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Newborn Sleeping: Evidence-Based Tips For Babies

Newborn Sleeping: Evidence-Based Tips For Babies

If you’re lacking in the sleep department since the arrival of your new baby, don’t worry, you’re not alone. Metro Baby can help!

According to a study by Sleep Junkie, new parents are only getting an average of 5-6 hours sleep each night. That’s well below the recommended 7-9 hours. And if your baby has a hard time settling, your time catching zzz’s is even less.

The good news is, there are some things you can try to help bub soothe faster and stay asleep longer. And with any luck, by using the following tips, you’ll be sleeping better and longer as well.

Routine, Routine, Routine

Life is hectic and if your night routine is as busy as your daytime schedule, it’s no wonder your little one is taking longer to settle. Try to develop a regular routine that includes 20-30 minutes of quiet time, such as reading a bedtime story, singing, or giving a gentle massage or a bath. This will help your baby relax so they are more likely to fall asleep when you lay them down.

Skin To Skin

From the moment babies are born, we’re told of the importance of skin-to-skin or kangaroo care as it’s also known. It was first researched in the 1970s with preterm babies – where survival rates increased, and the risk of infection decreased. Science has since found that this contact can work as a painkiller for babies, and also that it boosts their levels of oxytocin – which has a sedating effect. Leading to a better night’s sleep.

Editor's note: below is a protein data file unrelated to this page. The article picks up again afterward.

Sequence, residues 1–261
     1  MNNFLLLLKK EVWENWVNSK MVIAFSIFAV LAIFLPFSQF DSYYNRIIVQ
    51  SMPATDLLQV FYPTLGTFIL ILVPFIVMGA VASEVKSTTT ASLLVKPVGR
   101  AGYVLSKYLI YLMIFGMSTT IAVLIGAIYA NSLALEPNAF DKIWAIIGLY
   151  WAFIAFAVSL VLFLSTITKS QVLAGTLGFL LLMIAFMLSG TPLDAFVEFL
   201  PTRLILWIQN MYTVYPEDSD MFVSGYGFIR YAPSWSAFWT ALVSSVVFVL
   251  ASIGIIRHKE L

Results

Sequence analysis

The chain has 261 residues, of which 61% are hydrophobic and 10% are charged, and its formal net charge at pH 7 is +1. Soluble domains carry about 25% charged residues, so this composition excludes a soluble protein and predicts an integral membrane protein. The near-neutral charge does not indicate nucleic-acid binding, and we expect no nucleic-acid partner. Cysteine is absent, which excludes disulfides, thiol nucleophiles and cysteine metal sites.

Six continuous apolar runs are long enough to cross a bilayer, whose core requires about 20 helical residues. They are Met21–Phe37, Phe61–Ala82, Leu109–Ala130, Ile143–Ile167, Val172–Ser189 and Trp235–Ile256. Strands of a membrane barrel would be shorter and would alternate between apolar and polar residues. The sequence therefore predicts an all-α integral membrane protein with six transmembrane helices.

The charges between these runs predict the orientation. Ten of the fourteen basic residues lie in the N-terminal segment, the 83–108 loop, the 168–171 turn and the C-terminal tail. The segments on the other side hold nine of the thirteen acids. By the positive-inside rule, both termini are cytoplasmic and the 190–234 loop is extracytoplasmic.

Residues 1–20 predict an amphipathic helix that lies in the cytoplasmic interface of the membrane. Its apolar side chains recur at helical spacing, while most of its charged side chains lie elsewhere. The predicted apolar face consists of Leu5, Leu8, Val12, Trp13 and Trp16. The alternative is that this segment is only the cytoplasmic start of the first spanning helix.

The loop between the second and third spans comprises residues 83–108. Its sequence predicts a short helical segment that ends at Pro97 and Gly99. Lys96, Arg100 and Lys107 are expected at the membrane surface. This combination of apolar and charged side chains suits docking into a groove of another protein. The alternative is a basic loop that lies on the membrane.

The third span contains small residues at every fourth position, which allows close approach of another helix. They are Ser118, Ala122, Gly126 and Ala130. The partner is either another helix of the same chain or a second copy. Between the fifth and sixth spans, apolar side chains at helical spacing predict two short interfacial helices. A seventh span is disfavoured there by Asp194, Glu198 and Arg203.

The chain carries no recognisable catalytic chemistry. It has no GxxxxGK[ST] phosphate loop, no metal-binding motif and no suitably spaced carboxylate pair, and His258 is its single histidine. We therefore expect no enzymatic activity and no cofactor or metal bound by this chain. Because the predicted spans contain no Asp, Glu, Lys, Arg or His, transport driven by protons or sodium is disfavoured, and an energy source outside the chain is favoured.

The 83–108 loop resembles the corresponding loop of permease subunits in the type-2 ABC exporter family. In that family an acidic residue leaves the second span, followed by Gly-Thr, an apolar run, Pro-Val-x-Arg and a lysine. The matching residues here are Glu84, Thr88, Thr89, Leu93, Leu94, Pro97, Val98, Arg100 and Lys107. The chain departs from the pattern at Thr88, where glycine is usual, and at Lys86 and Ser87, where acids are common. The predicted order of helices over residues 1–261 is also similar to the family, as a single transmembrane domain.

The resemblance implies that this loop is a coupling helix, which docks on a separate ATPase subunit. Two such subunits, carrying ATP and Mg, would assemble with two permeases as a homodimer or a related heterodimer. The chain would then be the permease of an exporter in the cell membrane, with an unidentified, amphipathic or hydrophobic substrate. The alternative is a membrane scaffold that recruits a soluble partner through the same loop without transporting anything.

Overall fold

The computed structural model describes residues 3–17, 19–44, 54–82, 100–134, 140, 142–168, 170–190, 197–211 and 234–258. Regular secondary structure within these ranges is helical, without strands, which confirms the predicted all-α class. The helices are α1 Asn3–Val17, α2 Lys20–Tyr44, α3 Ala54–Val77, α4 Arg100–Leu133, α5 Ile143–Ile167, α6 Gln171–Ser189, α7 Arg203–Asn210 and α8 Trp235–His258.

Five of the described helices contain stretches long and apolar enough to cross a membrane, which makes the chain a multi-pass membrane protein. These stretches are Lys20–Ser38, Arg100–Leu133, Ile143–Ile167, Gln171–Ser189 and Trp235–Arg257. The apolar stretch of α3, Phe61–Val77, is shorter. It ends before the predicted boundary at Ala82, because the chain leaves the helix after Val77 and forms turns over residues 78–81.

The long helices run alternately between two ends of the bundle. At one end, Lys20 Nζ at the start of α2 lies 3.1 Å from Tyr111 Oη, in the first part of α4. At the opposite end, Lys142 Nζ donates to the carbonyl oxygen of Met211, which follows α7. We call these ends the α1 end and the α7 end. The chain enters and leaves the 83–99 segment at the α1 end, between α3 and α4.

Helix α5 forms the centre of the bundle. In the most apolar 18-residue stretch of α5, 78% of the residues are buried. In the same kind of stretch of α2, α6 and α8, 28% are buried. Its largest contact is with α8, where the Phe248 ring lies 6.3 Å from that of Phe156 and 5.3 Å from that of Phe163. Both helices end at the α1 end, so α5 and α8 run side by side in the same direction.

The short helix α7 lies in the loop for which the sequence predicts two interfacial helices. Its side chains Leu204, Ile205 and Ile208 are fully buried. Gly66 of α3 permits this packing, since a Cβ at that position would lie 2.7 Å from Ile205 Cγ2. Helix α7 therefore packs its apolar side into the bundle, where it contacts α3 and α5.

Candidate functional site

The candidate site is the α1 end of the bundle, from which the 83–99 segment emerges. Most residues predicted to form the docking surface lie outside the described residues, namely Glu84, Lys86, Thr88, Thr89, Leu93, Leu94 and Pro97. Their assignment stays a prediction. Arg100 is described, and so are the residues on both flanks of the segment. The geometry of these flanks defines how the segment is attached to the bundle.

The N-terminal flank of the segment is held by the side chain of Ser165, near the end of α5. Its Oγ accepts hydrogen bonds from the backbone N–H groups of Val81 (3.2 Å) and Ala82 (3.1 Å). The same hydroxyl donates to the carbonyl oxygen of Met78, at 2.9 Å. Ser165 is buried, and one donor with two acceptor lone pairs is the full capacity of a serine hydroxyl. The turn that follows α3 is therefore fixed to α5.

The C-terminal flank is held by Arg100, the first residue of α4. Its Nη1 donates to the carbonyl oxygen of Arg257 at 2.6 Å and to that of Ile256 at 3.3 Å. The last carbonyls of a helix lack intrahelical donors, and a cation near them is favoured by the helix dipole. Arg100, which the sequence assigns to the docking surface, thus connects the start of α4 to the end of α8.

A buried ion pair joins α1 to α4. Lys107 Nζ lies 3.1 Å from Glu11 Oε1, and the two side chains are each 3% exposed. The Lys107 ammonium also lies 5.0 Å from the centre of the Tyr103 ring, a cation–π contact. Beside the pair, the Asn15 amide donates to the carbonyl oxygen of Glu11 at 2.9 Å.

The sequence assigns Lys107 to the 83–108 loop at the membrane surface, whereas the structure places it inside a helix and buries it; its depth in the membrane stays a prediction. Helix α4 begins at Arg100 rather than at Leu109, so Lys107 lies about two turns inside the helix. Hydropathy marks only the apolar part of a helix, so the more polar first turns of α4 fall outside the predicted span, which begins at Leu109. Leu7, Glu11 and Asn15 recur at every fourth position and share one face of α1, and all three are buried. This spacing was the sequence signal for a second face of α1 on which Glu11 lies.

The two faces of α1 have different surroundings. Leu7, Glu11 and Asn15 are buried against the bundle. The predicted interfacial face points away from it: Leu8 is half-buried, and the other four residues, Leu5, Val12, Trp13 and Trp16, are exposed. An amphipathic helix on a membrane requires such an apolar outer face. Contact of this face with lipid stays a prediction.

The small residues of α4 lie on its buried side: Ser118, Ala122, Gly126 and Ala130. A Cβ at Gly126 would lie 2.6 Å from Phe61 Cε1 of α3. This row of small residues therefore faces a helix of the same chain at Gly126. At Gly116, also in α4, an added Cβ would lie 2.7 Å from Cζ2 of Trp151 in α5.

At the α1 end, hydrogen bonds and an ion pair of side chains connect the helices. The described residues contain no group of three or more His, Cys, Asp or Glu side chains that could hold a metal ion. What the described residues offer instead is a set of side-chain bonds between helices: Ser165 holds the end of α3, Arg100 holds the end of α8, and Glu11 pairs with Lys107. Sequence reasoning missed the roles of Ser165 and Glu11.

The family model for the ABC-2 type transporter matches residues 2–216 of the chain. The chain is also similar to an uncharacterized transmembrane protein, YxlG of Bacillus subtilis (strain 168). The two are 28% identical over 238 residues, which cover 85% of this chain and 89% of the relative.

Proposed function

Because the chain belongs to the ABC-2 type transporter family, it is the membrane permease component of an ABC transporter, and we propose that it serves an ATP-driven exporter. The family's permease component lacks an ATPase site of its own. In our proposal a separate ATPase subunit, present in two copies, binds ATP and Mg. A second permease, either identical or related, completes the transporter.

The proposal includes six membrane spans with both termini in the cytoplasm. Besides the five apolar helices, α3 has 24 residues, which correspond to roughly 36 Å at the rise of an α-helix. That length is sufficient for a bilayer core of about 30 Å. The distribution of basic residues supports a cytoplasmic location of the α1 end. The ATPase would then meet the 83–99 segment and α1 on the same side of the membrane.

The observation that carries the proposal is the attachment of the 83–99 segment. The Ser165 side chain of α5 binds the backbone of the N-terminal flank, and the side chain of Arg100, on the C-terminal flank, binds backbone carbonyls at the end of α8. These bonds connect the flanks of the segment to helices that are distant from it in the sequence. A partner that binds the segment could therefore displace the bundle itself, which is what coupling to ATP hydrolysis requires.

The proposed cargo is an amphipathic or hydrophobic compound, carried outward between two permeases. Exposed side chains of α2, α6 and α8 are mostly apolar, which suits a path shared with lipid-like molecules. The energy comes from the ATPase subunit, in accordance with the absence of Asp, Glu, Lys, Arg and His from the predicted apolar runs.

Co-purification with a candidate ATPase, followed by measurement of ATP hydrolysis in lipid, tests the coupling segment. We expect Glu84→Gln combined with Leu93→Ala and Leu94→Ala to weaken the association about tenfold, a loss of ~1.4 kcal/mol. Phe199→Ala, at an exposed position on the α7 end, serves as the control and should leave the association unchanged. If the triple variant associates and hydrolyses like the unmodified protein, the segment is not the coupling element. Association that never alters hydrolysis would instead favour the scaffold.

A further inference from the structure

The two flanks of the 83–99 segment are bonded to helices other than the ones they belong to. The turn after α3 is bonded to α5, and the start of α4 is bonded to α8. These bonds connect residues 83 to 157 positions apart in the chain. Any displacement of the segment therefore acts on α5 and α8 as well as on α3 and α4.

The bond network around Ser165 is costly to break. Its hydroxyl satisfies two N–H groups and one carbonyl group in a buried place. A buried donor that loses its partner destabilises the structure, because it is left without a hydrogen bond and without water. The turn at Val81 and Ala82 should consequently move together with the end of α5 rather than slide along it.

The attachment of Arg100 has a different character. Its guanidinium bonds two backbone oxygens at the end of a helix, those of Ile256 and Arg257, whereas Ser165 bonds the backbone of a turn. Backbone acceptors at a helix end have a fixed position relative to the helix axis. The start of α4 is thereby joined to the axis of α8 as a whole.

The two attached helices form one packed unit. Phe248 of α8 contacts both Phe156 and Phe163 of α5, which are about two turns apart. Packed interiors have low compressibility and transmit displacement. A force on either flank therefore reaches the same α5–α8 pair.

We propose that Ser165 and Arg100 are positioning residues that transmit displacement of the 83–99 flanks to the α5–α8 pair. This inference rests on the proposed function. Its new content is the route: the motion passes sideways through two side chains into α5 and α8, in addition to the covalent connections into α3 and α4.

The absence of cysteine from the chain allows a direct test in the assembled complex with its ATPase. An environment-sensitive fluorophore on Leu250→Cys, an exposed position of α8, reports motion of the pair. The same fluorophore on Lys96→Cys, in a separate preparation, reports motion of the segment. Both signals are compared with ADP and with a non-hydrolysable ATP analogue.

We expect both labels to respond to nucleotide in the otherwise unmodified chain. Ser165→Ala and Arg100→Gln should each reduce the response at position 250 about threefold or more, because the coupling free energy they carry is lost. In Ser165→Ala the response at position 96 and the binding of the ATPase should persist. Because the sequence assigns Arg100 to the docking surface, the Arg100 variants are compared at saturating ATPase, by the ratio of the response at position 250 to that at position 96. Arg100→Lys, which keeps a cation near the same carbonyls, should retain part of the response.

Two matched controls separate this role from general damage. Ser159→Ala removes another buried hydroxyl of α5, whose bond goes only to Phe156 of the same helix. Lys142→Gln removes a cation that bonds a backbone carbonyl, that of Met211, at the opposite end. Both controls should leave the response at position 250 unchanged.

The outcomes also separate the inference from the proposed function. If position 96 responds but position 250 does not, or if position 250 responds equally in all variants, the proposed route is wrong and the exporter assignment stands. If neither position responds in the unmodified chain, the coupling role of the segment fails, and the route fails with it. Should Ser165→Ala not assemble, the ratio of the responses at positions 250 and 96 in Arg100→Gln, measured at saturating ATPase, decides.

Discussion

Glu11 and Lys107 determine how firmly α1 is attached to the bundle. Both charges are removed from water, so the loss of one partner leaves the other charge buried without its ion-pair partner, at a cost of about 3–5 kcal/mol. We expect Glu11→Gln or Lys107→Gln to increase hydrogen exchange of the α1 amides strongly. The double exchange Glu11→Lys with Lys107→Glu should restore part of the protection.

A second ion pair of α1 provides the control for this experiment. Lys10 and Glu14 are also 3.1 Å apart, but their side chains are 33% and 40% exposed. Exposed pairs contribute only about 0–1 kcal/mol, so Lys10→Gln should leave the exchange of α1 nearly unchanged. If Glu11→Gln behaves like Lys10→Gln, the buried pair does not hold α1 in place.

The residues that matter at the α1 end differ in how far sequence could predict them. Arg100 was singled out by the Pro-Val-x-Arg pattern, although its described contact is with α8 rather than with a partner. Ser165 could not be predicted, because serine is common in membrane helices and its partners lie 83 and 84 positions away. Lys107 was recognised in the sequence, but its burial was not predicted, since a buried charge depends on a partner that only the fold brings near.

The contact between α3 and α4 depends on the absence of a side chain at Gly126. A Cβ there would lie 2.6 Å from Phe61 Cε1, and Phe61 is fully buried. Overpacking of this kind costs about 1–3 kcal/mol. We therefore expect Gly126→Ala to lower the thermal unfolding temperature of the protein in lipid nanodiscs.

Massage Is Powerful

Studies have found that massaging babies under six months old leads to less crying, better sleep and lower stress levels. One study found that massage could impact the release of melatonin, the sleep hormone, while it was also found that massage could help to build a better relationship between infants and mothers who experience postnatal depression.

Restricting Movement

The less babies have the chance to roll around, kick their legs or flail their arms – the more likely they are to sleep at night. Newborns, in particular, are prone to startles and often, this will wake them from their slumber. By using swaddles, you can limit the amount of movement they have – which can help them to sleep better at night. Just be aware that you need to follow safety guidelines – don’t swaddle too tight, lie your baby on their back only, and don’t use them if the baby has a fever. And if your baby tends to roll around a lot, consider an anti-roll pillow or sleep positioner as well to prevent your bub rolling onto their tum.

Sleep Aids

Research has found that the use of sleep aids are most effective in babies who are six months or older and can extend beyond that. Though science says they are not as effective for newborns, that’s not to say it won’t work for your little one. Night lights and melody lamps, teddies and blankets could all help keep your child relaxed at night. And you should never put toys or loose blankets into a cot with a baby under 12 months of age.

Just be aware that what works for some, may not work for others, so keep trying until you’ve exhausted all avenues. Then, if you’re still struggling to get your baby to sleep, talk to a medical professional.

 

In partnership with

Jolene

Jolene

Jolene enjoys writing, sharing and connecting with other like-minded women online – it also gives her the perfect excuse to ignore Mount-Washmore until it threatens to bury her family in an avalanche of Skylander T-shirts and Frozen Pyjama pants. (No one ever knows where the matching top is!) Likes: Reading, cooking, sketching, dancing (preferably with a Sav Blanc in one hand), social media, and sitting down on a toilet seat that one of her children hasn’t dripped, splashed or sprayed on. Dislikes: Writing pretentious crap about herself in online bio’s and refereeing arguments amongst her offspring.

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